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medicare & long term care

It's crucial to differentiate between Medicare and Medicaid, as many families mistakenly believe that Medicare, the insurance for those aged 65 or older or those determined disabled under Social Security rules, will cover long-term care needs. Medicare is not designed to be a safety net for long-term care, and this often comes to light during acute medical events, where families discover that Medicare offers limited coverage for skilled nursing facility care.

One common issue is "Observation Status." When a Medicare enrollee is in the hospital, they may receive various tests and evaluations but are not actually admitted. Instead, they are classified under observation status. This distinction is significant because it affects how Medicare benefits are applied. If you are officially admitted to the hospital, Medicare Part A covers your stay. However, if you are under observation, Medicare Part B and Part D come into play, which may involve more cost-sharing and higher out-of-pocket expenses. To qualify for up to 100 days of Medicare-covered rehab in a skilled nursing facility, a patient must have a minimum three-day hospital stay. Observation status does not count towards this requirement, potentially leaving patients without the necessary coverage.

To avoid these issues, always check whether you or your loved one is admitted or under observation status. Your family doctor may assist in explaining why hospital admission is necessary. There are also new appeal rights if your status is retroactively changed from admitted to observation. For more information, the Center for Medicare Advocacy provides a comprehensive toolkit on observation status.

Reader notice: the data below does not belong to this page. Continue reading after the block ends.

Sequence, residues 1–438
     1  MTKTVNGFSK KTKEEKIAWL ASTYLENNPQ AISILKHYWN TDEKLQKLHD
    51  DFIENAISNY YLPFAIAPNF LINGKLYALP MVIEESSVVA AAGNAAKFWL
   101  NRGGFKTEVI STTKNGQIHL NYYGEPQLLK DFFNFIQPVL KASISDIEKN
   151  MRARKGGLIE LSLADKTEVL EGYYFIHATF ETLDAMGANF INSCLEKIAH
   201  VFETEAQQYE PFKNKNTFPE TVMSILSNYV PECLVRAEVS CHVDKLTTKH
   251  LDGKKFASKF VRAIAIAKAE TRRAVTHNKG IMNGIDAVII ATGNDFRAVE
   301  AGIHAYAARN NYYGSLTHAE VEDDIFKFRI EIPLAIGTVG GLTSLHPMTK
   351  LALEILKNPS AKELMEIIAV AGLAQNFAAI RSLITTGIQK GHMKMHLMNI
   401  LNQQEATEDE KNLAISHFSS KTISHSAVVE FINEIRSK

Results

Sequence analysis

Another frequent issue arises around day 20 of a stay in a skilled nursing facility when patients are often told they have "plateaued" and no longer qualify for additional rehab benefits under Medicare. However, it's important to know that you have the right to appeal decisions regarding the termination of benefits. The law states that Medicare’s 100-day benefit can be used to maintain a patient's condition, not just improve it. The Center for Medicare Advocacy offers resources and toolkits to help you navigate these challenges. They have successfully maintained a class action lawsuit prompting CMS (Centers for Medicare & Medicaid Services) to provide educational content for providers, ensuring they understand that Medicare benefits are also meant to maintain a patient's condition.

Medicare can offer significant benefits, but it is not designed to cover long-term care for chronic illnesses. Knowing how and when to advocate for the benefits you are entitled to is essential. For further resources and support, visit the Center for Medicare Advocacy's website. By staying informed and proactive, you can better navigate the complexities of Medicare and ensure you or your loved one receives the necessary care.

When you find yourself overwhelmed, it can be challenging to determine where to begin. The key is to focus on doing what really matters most. To help you get started, we have broken down the process of reaching out to us and then completing your legal work into manageable steps, providing guidance every step of the way. 

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